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December 19, 2016
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June 1, 2000
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June 15, 1955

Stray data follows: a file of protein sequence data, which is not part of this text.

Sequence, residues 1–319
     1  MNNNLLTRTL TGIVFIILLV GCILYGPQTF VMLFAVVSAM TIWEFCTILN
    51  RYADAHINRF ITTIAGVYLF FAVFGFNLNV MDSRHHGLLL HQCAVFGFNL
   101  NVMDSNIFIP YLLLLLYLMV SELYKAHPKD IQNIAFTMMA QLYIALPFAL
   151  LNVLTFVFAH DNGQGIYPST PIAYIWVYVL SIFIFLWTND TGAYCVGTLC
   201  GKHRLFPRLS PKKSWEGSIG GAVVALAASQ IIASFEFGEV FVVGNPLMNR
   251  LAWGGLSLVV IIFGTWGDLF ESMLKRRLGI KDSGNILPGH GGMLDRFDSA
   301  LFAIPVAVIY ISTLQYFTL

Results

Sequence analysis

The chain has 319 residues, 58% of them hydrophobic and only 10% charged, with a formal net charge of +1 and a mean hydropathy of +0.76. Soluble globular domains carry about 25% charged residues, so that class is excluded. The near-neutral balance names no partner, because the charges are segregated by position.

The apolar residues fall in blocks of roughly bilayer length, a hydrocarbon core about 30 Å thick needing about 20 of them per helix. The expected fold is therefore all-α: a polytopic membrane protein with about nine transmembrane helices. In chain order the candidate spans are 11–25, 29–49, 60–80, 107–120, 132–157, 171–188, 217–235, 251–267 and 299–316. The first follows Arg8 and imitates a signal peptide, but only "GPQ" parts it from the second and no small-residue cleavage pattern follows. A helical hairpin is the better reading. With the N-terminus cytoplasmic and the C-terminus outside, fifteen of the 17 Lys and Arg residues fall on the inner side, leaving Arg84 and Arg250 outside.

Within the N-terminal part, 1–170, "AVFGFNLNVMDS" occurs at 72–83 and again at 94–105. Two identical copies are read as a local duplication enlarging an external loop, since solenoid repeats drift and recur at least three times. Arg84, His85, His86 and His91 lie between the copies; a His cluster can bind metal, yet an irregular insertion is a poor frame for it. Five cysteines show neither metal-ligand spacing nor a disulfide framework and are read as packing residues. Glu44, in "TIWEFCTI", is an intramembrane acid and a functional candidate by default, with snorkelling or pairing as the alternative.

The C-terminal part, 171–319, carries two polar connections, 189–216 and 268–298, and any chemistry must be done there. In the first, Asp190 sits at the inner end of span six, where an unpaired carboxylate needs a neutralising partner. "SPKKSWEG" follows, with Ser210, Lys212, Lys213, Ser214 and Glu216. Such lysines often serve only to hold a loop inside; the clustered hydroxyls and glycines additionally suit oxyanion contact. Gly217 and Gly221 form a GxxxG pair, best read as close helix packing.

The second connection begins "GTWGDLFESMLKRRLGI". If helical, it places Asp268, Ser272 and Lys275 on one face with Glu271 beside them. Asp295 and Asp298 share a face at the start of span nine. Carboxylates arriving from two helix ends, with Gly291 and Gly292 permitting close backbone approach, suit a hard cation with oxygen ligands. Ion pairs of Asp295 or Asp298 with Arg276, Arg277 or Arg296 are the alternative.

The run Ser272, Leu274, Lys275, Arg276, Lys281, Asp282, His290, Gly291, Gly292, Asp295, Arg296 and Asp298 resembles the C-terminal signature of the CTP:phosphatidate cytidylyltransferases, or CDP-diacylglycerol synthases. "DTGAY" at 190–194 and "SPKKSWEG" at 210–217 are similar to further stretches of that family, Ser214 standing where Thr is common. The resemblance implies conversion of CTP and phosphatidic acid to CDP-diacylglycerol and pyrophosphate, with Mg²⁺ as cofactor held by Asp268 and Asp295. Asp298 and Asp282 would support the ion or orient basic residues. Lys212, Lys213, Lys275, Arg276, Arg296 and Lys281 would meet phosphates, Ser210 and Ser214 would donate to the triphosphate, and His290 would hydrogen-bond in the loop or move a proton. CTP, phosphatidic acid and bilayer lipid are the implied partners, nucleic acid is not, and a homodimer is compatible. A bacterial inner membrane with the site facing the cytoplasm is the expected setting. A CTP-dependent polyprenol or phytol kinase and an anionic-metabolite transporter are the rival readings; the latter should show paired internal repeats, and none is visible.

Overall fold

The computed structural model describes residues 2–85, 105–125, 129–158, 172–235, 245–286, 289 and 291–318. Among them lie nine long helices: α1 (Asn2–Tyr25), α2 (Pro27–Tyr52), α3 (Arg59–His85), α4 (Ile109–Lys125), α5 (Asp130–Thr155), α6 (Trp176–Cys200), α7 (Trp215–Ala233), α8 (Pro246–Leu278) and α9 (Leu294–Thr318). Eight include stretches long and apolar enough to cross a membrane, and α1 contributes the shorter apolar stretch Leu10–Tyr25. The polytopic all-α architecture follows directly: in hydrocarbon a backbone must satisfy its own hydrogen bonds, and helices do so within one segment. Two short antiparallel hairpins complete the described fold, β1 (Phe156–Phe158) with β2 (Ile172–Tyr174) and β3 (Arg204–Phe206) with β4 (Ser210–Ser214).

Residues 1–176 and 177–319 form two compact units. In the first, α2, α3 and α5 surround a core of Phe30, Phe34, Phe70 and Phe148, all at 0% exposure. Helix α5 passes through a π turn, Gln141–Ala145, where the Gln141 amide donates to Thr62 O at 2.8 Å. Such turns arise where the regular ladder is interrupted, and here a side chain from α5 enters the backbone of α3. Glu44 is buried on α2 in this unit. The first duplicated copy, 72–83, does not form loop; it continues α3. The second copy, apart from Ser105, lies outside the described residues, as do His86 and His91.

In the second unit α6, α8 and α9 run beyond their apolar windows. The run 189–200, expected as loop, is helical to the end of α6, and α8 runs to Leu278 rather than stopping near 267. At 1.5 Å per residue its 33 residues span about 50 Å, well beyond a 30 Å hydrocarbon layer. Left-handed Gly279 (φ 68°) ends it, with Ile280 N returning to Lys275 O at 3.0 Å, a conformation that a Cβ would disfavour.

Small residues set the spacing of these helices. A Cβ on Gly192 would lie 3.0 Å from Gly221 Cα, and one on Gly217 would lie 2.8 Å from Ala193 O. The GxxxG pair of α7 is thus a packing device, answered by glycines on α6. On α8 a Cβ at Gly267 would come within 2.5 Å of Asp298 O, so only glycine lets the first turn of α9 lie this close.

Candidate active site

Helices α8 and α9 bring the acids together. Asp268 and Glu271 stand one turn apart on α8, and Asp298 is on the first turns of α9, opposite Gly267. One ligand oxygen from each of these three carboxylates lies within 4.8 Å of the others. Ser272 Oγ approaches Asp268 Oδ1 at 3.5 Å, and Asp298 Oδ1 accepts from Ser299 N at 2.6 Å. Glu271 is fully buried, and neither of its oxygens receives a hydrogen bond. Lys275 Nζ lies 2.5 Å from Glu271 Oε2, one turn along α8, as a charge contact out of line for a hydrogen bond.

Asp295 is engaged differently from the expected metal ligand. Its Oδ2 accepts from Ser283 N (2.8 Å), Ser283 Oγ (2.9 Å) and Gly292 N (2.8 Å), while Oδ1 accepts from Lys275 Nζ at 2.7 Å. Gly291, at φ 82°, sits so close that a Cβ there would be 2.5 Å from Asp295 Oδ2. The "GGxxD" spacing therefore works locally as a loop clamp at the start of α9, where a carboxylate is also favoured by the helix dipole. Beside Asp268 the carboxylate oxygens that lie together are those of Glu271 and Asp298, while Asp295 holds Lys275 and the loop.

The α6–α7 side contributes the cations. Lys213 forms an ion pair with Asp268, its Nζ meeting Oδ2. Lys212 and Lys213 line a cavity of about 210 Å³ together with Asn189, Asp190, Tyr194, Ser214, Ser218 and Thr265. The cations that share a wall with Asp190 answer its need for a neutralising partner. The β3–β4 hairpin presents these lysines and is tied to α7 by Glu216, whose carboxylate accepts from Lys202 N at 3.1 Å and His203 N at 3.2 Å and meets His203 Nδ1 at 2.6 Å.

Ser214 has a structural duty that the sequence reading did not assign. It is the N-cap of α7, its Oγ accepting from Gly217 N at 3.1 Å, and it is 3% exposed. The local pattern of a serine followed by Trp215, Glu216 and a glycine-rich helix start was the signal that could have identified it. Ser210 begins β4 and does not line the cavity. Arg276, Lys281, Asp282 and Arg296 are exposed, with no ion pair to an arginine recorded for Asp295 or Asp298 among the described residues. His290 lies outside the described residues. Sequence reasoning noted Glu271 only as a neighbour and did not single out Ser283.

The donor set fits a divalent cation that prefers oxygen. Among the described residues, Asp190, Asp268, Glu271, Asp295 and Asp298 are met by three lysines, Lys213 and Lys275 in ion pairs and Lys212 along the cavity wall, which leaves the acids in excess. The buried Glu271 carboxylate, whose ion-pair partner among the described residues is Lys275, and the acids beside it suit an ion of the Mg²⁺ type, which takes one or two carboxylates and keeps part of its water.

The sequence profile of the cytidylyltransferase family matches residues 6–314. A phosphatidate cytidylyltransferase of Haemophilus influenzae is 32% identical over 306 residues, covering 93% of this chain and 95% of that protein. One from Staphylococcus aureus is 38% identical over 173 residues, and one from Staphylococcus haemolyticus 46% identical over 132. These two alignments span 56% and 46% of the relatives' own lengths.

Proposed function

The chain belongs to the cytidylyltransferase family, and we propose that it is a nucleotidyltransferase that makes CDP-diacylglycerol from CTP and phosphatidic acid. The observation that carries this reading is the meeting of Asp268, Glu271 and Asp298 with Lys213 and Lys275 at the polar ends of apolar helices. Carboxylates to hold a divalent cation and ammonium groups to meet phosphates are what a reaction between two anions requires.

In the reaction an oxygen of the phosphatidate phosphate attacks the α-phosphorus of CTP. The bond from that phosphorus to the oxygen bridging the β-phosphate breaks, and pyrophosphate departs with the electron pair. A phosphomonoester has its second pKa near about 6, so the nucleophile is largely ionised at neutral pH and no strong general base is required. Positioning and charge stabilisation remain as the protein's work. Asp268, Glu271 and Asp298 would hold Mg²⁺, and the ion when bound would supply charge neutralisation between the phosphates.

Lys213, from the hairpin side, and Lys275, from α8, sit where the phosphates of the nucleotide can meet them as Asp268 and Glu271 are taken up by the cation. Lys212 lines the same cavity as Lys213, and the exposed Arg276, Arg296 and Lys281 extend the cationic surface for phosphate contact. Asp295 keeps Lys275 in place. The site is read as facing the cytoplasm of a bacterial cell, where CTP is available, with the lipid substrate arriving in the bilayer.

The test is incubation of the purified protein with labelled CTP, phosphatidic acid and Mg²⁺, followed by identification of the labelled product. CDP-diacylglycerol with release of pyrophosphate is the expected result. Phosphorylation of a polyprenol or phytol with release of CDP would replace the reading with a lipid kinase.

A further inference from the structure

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.Approved For Release 2006/11105 :CIA-RDP79T00937A000400010020-5 state Dept. declassification release i nstructi ons on fi le CENTRAL INTELLIGENCE AGENCY OFFICE OF NATIONAL ESTZDdk-TES 15 June 55 Internal O/NE Distribution Only STAFF )U~116ORANDUM No 0 2,~~~ SUEJECTs Debriefing of Ambassador Luce ~, o On 9 June lq ~ j~ of 0 attended a debriefing of Ambassador Luae at the tats apartment. his memor~ andum is a summary of certain of her remarks. 20 Status of Forces Agreement, Ambassador Luce attributed the delay in parliamentary approval of the SOF agreement to such factors asp (a) general resistance of Italian government leaders to pushing legislation regarded as pro?US for fear of being called "US stoogesn9 (b) the Italian desire to retain a gaud bargaining counter vis~~vi.s the USg and (c) a possible reluctance to raise a matter in Parl3.ament xhich xas likely to provoke a strong Communist reactions 3a According to Ambassadoz? Luce, the ~,uestion is becoming acute 'because of the problem of redeploying US forces Hour in Austria. Thus far the Pentagon has maintained that passage of SOF legislation b9' Italy should be a precondition to redeployment of such US forces to Italy. She believed that the US noW needed to apply no pressure for sppraval of SOF ether than through this potential redeplaymento Nith US farces out of Austria, the large US military establishment at Leghorn, xhich xas primarily designed to serve as a US line of commun? icatian to Austria, xould have little reason for existanceQ In the final analysis, the Italians far both economic and security reasons would probably prefer to have more rather than fexer US traaps in Italy. She thought, therefore, that following a clarification of the goverxamental situation durimg the next fe~rxeeks, the Chamber of Deputise xould probably pass the SOF legislation already approved b9 the Italian Senate, or~c~-M~NO. ~ L - NA CWAFIGE IN CLASS. R1 (. ~ pECUS6i~l~d CLASS. CHANQED TO: TS S NEXT REVIEW pAtE: l~ - r~vrW; ++R 70.2 ~ ~ S Approved Far Release 2006/11105 :CIA-RDP79T00937A000400010020-5 Approved For Release 2006i11J05:CIA-RDP79T00937A000400010020-5 1a. Neutralism. Ambassador Luce remarked that 104 percent of Italians axe probably "neutrality-minded", in that they mould prefer not to get involved in any struggle between the great powers. Haw~ever, that dose not necessarily indicate that a very high percentage of Italians think that neutrality is possible. she one third which is left~axianted could probably fallow the Communist line if it preached neutrality; another third might be inclined to follrnr a strong leader an this issue. But the real queat3.on is whether Italian leaders are neutra].ity~indad. At present these leaders seem to consider neutrality a gams with which they can trifle, probably hoping to worry the tIS a bit, Fet two basis conditions fox maintaining neutrality success fully are not present in Ttalya the defense capabilities of Italy are not sufficiently great; and Italyea internal stability is uar~duly limited with about one third of its electorate substantially s~mpa? thizing with many policies of the ~remlino As a result, Italian leaders probably regard it iaapasaible to follow a policy of .neutralism without in turn being "neutra.7.izad" and eventually dropping behind the Iron Curtain. 5o Ito, ~ CCommunist Party (PCB. At the present time Italian Canmuniats are in a gh~~y can used state of mind, due at least in part to these faetarsa (a) the Trieste problem, final resolution of ~ehieh required the PCI to ~hrhirl like a dareiah"; (b) the Soviet mission to elgrade; (c) Togliatti~a health (according to Ambassador Luceea bast information, his recant attack v~s-s a cerebral hemorrhage, "unfortunately not fatal") whioh may presage a power struggle ~r3.thin the P'CI; (d) the PCT?s lass of prestige as ~ result of the victories of free unions in certain plant elections (eog, Fiat); (e) some lase of appeal to young people because the ~'CI has bean assuming less of a revolutionary character than in the past; and (f) the effect on morale of the Kremliaoe overtures to Adanauer, a figure ao often castigated by the PCI. 6-mbassador Luce thought that, under these circumstances, a new intelligence estimate on the intemtiona and capabilities of the Italian Caanmuniata would be particularly usafulo 6. Cffehore Procurementq The US ~nbaeay had based its antib Communist caaupa gn in taly at least partially an the 4rithholding of tlS defense contracts from Italian plants until the pa"ner of the Co~omunist-dominated Ct~TI+ in those plants had been brokeno ~rhia policy had been predicated, ha~rever, on the assumption that the offshore procurement program would be continued by the USo Hut as a result of the recent curtailment in US offshara procurement, leas contracts Approved For Release 2006J11J05:CIA-RDP79T00937A000400010020-5 Approved For Release.2006i11J05 :CIA-RDP79T00937A000400010020-5 being allotted to Italy, the situation is somewhat difficult. .Naar, after many plants have been "cleansed'" of CQiIL dominance mater of the "pure" arorkars remaining may have to be fired because of a lack of ardears for the planto ?o Triastea The Italians have done little to remedy the economic crisis in rid estea, and, in general, seem to have handled the situation poorly. Probably the Italians believe the ideal solution would be "for me to call on ldre Humphrey"o $a Italian Political. 53.tuation. In the course of a conversation with her, talian assador Hrosio had expressed the hope that the coalition can stay together. Hae~ever, it would be more difficult now as the Christian Democratic gains in the Sicilian elections were made to a considerable extent at the expense of the sma11 parties who belong to the aoaaitiano Hrosio thought that he would in canacience have to resign if the CD"s moved to the left before Nenni made a clean break with the Ca~unists, including a public renunciation of the Nenni Socia- lists" unity of cation pant frith the PCIo q, pne possible formula for the composition of a new governments which ~nbassador Line believed might lend. more stability to the poli- tical situation, would be a coalition of CD?s with the Monarchists and Liberals. The other center parties in the present aoa].ition might then go into a "loyal opposition" and any leakage of votes from the center grouping presumably would go to them rather than to the Nen~. Socialists or PCTo It had been suggested also that this arrangement might not be so ab~ectionable to center parties remaining out of the neR coalition since, in times such a govertmterrt coalition of the CD"s with the right might be able to '"take care" of the Casmtiunists and their allies after which the stage would be set for a moderate left oriented govern? menta 10, Ambassador Yvice ventured that such aright-oriented govern- ment probably would not be as catastrophic as many people ims~gined. It would be better than a CII "manocolore" government trying to pick up votes "like a floating kidney". Tn feat, the CD"s probably oould not govern long without a firm coalition with the right or left and the logic of events is leading them to a choice4 Such a right oriented gavernment might isolate the Neo-Fascists, wane going to the PCI and others "respectable", She noted, incidentally, that an Fanbassy - 3 -~ Approved For Release 2006J11J05:CIA-RDP79T00937A000400010020-5 Approved For Release 2006/11105 :CIA-RDP79T00937A000400010020-5 tabulation of parliaments-ry noting had disclosed that the Monarchists and Neo~asaiste had supported virtually all legislation of particular importance to the ifi3. ll, The sawn center parties Rill probably continue to etRindln in strength and influence as long as they remain within the coalition4 chile Rithin the coalition they must abandon their oen position on cerm fain issues and also awy suffer some~rhat from being aligned Kith the CD's, since many people associate that party Kith "clericalism". Thus, to continue to exist, they may have to leava the coalitiorY and go into opposition to the CD's. 12? as an interesting sidel3.ght, ~nbassador Luce referred brief],y to amnahi, the nearly-elected President of Italy. In the wake of much 25X6 speculation about his leanings to the left and only three days after a speech in which he suggested, in effect, that labor Ras se o poser. he disnatahed an intermediar5r to the US Embassva Approved Far Release 2006/11105 :CIA-RDP79T00937A000400010020-5